Many Norwegians emigrated to the U. S. between the 1850s and the 1920s. Today, the descendants of these people are known as Norwegian Americans. According to the 2000 U. S. Census, three million Americans consider Norwegian to be their sole or primary ancestry, it is estimated. Travelling to and through Canada and Canadian ports were of choice for Norwegian settlers immigrating to the United States. In 1850, the year after Great Britain repealed its restrictive Navigation Acts in Canada and more emigrating Norwegians sailed the shorter route to the Ville de Québec in Canada, to make their way to US cities like Chicago and Green Bay by steamer. For example, in the 1850s, 28,640 arrived at Quebec, Canada, en route to the US, 8,351 at New York directly. Norwegian Americans represent 2-3% of the non-Hispanic Euro-American population in the U. S, they live in both the Upper Midwest and Pacific Northwest. As early as 1814, a party of Norwegians was brought to Canada to build a winter road from York Factory on Hudson Bay to the infant Red River settlement at the site of present-day W
Some Kind of Heroin
Some Kind of Heroin is the first remix album by Norwegian solo artist Mortiis. The album is a collection of remixes of songs taken from Mortiis' previous album The Grudge. In a press release Mortiis has said: I'm stoked we got to do a remix album and since it's been in process for quite some time now I'm happy to be able to release it. I've always been fascinated with taking songs and twisting them into something different, the ability to grab the elements you like and put them into a different environment; the flexibility of that appeals to me. I think the mixes all those guys did came out cool, many of them vastly different from what would have come out of the studio if I had done them. It's cool to see. I think the variety of mixers and sonic realms created here will appeal to a large variety of people. "Underdog" – 6:07 "The Grudge" – 3:28 "Twist The Knife" – 4:41 "Broken Skin Feat. Stephan Groth" – 6:02 "The Grudge" – 5:38 "Gibber" – 6:24 "Way Too Wicked" – 4:25 "Gibber" – 4:18 "The Worst In Me" – 6:03 "The Grudge" – 2:04 "Broken Skin Feat.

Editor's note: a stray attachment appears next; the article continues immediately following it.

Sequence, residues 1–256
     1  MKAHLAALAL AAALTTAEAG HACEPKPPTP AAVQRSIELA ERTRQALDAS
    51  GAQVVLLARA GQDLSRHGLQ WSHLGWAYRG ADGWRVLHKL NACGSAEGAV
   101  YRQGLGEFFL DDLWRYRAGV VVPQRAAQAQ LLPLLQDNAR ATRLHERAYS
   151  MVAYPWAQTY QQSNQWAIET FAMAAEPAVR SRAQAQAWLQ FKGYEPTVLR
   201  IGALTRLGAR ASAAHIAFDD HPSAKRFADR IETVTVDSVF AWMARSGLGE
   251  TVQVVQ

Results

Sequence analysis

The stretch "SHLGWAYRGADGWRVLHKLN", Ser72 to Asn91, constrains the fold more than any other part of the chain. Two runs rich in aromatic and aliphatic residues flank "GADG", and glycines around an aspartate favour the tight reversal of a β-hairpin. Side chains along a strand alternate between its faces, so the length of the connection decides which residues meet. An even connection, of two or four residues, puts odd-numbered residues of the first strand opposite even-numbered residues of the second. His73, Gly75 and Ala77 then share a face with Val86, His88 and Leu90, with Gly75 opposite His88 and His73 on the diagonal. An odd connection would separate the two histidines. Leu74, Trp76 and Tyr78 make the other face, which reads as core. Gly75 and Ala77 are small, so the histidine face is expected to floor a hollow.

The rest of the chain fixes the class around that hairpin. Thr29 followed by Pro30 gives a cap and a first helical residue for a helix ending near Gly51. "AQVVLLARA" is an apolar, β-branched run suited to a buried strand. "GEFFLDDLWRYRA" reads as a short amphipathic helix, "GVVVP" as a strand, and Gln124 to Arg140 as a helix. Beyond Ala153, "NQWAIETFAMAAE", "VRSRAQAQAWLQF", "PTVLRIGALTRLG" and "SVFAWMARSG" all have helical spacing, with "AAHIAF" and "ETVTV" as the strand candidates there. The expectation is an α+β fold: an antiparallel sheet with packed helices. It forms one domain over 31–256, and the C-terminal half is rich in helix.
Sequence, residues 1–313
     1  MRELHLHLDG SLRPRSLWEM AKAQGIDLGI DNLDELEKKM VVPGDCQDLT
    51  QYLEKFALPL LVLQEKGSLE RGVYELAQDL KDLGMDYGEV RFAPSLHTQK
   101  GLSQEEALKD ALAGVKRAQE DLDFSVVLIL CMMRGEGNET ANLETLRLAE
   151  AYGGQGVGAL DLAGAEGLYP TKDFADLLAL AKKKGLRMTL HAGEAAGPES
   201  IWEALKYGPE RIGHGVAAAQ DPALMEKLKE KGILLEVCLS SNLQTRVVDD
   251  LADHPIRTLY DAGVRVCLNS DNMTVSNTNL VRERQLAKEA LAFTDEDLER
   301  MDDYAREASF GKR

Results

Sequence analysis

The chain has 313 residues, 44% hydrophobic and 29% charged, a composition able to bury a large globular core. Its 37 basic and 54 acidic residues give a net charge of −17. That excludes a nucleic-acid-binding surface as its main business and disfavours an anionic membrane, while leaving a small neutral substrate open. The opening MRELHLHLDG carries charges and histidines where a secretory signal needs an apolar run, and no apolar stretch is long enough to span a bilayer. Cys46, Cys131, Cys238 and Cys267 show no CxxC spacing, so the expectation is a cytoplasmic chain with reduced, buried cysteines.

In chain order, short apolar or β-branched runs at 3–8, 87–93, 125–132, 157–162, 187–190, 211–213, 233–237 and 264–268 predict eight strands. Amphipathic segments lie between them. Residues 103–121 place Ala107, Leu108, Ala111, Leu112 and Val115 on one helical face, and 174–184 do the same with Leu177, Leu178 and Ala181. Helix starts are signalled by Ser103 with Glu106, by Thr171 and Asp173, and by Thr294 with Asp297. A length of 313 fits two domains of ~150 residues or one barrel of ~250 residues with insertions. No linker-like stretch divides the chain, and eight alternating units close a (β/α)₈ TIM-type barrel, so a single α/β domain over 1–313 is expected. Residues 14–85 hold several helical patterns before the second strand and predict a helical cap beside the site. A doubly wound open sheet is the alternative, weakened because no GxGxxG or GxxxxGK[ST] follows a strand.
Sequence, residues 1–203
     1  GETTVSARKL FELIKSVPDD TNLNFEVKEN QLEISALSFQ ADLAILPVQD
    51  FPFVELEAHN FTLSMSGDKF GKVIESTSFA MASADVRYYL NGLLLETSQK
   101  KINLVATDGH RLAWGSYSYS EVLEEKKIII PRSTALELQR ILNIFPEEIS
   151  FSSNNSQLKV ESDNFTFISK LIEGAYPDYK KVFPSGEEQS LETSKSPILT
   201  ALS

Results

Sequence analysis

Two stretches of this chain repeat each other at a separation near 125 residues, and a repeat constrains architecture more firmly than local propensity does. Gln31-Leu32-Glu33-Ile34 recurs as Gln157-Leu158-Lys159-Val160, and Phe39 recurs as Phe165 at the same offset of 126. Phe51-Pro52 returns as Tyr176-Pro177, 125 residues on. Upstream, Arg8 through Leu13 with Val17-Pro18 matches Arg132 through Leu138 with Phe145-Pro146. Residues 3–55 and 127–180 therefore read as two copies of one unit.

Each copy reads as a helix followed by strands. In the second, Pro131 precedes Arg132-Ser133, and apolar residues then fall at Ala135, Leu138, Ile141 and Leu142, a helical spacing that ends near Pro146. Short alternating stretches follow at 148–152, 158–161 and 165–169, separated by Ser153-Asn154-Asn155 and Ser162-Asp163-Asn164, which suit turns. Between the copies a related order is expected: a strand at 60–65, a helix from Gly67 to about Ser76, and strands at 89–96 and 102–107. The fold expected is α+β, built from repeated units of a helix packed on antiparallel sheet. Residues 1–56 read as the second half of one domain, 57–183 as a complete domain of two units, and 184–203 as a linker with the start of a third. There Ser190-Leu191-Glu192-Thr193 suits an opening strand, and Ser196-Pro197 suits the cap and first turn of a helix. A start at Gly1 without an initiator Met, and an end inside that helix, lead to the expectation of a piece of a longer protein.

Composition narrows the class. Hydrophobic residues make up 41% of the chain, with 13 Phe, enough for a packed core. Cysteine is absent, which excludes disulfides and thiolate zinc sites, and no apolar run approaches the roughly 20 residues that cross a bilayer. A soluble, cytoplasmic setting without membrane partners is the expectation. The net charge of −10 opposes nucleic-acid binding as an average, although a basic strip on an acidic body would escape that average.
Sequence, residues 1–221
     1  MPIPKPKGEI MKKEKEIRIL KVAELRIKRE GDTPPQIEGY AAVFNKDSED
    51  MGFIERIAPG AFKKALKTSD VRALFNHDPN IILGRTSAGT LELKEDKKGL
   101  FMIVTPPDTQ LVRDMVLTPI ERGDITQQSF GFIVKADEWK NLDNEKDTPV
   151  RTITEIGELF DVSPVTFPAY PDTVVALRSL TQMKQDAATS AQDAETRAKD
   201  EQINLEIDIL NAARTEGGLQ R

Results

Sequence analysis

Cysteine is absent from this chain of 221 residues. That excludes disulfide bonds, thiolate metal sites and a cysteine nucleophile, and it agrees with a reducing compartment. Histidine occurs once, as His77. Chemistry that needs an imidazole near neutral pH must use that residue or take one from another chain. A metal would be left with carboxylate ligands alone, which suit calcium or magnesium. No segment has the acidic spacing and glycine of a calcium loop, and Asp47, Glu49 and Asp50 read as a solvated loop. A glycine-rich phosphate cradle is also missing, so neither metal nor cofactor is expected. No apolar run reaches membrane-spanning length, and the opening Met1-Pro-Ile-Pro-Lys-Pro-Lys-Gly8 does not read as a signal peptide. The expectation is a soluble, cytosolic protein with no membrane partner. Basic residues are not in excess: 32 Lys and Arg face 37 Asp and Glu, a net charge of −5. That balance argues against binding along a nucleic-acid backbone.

Stephan Groth" – 7:06 "The Grudge" – 6:45 "Decadent & Desperate" – 2:33 "Gibber" – 3:52 "Way too Wicked" – 4:30 "The Worst in Me" – 4:40